81. 81. Imagery in Scientific Thought: Finding the Right Picture • Working with what they could see, imagine, record, and calculate, astronomers tried to make sense of the cosmos
  82. 82. Imagery in Scientific Thought: Finding the Right Picture (Norman B. Leventhal Map Center, Boston Public Library; NASA) • Ptolemy (c. 150) - Hypotheseis ton planomenon (Planetary Hypotheses) Geocentric view of the cosmos. Eccentrics, epicycles, deferents.
  83. 83. Imagery in Scientific Thought: Finding the Right Picture • Copernicus (1543) - Heliocentric view of the cosmos (Norman B. Leventhal Map Center, Boston Public Library; NASA)
  84. 84. Imagery in Scientific Thought: Finding the Right Picture • Kepler (1609) - Astronomia Nova (New Astronomy) Heliocentric view of the solar system, elliptical Mars orbit (Norman B. Leventhal Map Center, Boston Public Library; NASA)
  85. 85. Imagery in Scientific Thought: Finding the Right Picture • Kepler - Heliocentric view of the solar system, elliptical orbit dynamism (Norman B. Leventhal Map Center, Boston Public Library; NASA)
  86. 86. Imagery in Scientific Thought: Finding the Right Picture • The Solar System Today - (Norman B. Leventhal Map Center, Boston Public Library; NASA)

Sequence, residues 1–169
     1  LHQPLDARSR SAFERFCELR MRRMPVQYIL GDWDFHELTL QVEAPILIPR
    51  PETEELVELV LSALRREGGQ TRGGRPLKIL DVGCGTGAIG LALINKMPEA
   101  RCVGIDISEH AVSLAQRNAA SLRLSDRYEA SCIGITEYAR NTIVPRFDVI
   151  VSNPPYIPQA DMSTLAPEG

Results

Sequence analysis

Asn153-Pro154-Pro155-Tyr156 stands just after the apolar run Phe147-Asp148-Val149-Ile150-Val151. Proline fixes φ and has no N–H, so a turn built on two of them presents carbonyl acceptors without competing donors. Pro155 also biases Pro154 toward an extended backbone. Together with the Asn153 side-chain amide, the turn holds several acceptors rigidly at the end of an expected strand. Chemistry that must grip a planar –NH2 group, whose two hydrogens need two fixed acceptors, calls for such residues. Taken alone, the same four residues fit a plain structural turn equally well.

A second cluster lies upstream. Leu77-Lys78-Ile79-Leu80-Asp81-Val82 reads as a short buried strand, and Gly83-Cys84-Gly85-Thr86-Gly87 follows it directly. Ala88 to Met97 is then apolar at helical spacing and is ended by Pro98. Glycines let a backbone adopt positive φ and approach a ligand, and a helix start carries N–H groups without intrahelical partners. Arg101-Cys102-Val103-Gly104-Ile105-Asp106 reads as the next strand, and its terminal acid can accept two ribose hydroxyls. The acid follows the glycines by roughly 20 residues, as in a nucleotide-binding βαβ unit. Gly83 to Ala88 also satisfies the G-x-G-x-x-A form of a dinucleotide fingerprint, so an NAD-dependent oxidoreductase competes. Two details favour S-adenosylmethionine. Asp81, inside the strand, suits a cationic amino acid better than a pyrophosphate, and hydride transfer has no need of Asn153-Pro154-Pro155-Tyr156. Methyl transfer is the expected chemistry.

87. 87. Imagery in Scientific Thought: Finding the Right Picture (Norman B. Leventhal Map Center, Boston Public Library; NASA) • General Relativity (1917) - Space-time warped by gravity
  88. 88. Imagery in Scientific Thought: Finding the Right Picture Brackett series n = 1 n = 2 n = 3 n = 4 n = 5 Lyman series (ultraviolet) Lyman series Paschen series (infrared) Pfund series LithiumHydrogen Helium
  89. 89. Imagery in Scientific Thought: Finding the Right Picture Brackett series n = 1 n = 2 n = 3 n = 4 n = 5 Lyman series (ultraviolet) Lyman series Paschen series (infrared) Pfund series LithiumHydrogen Helium Brackett series n = 1 n = 2 n = 3 n = 4 n = 5 Lyman series (ultraviolet) Lyman series Paschen series (infrared) Pfund series LithiumHydrogen Helium • Working with what they could see, imagine, experiment with, record, and calculate, atomic physicists tried to make sense of the microworld